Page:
|Lesser Black-backed Gull and Common Terns.|
I was about to leave, when I heard a familiar tyeu tyeu tyeu from the blue skies above. Eventually I saw the elegant shape of a Greenshank circling over the water. It flew around a bit, landed on the west side and took off again, before settling at the east end. It clearly wasn’t happy, though, and soon bombed high south-west … what a stunner – Greenshanks are one of my favourite waders and this little slice of migration in action was a fine example of what local birding is all about.
I then headed to Shackleford, a site I hadn’t visited for just over a month. A couple of Ring-necked Parakeets were in the village, but these were severely outclassed by another introduced species: Little Owl. Three, to be precise, an adult pair and a well-developed juvenile. This species has become so elusive locally in recent years, so proof of breeding was pleasing.
Other bits included a Garden Warbler (rare here) in one of the margins, young Whitethroats and Skylarks, a Red-legged Partridge and three Red Kites.
Later in the morning, we headed to Knepp. It was my first visit since 2016 and the place was a lot more ‘professional’ looking now, with crowds to boot. Butterflies were on the agenda and we scored at least 10 Purple Emperors, though views were generally suboptimal in the breezy north-westerly. Some 11 other species included my first Gatekeeper of the year.
|Purple Emperor and Speckled Wood.|
Unsurprisingly for a hot, middle of the day walk in mid-July, bird activity was at a premium. Singles of Nightingale and Garden Warbler were heard calling, a Kingfisher, two Reed Warblers and a Great Crested Grebe family were on the Hammer Pond, a Little Owl was vocalising near the visitor centre and nine White Storks – the flagship, introduced species here – included three juveniles on a nest. Indeed, with the storks flying around, the heat and the wild, untamed landscape, it felt for a short while like I was somewhere in south-east Europe.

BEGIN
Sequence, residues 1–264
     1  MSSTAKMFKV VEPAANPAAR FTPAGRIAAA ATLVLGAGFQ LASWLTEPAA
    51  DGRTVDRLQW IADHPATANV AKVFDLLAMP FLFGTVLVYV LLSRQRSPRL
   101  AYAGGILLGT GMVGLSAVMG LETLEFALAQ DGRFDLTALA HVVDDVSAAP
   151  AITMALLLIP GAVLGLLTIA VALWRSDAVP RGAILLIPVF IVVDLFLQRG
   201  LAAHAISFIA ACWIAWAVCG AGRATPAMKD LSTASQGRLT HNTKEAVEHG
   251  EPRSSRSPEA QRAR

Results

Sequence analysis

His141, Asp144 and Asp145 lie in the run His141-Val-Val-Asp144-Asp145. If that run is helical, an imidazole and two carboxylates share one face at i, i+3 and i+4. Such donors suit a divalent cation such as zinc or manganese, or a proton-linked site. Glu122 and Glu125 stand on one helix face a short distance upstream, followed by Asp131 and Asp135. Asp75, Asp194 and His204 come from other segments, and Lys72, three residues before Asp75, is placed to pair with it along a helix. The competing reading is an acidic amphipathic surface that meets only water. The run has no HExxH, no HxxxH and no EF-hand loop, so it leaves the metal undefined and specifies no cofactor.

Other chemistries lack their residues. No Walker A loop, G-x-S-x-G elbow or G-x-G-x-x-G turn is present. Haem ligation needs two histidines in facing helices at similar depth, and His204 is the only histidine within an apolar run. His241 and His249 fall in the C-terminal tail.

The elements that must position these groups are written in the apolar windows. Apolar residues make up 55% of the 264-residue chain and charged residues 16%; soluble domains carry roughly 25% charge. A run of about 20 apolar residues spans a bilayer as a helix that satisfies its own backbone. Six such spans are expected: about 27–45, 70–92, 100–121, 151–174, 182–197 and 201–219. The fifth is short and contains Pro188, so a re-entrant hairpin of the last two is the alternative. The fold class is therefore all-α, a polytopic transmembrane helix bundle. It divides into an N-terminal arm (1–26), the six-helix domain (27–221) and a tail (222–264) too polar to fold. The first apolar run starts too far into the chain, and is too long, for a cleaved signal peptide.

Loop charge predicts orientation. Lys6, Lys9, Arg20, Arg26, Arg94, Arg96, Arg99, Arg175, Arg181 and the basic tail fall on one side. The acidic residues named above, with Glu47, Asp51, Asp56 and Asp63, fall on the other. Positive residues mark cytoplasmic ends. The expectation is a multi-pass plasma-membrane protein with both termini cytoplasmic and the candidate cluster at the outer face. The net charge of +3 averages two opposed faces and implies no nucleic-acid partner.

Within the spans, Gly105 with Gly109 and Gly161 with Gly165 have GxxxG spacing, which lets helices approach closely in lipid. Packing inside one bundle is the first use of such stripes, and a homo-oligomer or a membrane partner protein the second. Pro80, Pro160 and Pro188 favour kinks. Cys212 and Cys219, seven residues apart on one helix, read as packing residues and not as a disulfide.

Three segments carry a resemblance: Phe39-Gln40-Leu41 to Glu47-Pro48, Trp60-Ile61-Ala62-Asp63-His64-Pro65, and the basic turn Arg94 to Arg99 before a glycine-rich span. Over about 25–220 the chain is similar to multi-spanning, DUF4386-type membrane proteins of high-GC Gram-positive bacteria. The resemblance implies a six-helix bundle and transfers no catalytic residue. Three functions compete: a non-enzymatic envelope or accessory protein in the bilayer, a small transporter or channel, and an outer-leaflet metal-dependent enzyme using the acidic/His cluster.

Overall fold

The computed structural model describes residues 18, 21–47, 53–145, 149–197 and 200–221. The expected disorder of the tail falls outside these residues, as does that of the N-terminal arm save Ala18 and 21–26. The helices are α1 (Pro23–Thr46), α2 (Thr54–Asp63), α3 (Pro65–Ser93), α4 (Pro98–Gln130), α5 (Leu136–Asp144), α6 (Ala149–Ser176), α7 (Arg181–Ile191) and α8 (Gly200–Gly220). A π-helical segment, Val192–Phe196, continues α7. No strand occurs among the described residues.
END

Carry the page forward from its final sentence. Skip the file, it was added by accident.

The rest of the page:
In the afternoon at my parents in Felpham, two Mediterranean Gulls flew over the garden. Nearby at my grandparents’ later on, a male Sparrowhawk was cruising around.
I met with Steve this morning to try out Shackleford for some ringing. We set up two nets and, during a three-hour session, caught 14 birds. These included juvenile Chiffchaff and Whitethroat and three Goldfinches. Other bits noted included two of yesterday’s Little Owls, two smart juvenile Kestrels, a Red-legged Partridge and two Bullfinches. A family party of Weasels was a real surprise and very nice to see, while butterfly action included Painted Lady, Small Tortoiseshell and Marbled White.
|Goldfinch and Chiffchaff.|
The first Common Sandpiper of the autumn was at Tuesley early on, some nine days later than last year. The young Common Tern and Tufted Duck family were still about, too. Afterwards, a tranquil walk of Unstead Water Meadows was fairly quiet, though my first Garden Warbler at this site this year was in song along the tow path. Other bits included two Reed Warblers, a family party of Swallows, a singing Reed Bunting and two Swifts.
Later in the day, we walked a 12 km circuit of the Chidham peninsula in the hot middle of the day period. Birding was a casual affair on this walk but I still noted a decent 52 species, including an adult Yellow-legged Gull in the Cutmill Creek roost. I have had a few juvenile YLGs here down the years, but in fact today there was not a single first-year large gull of any species.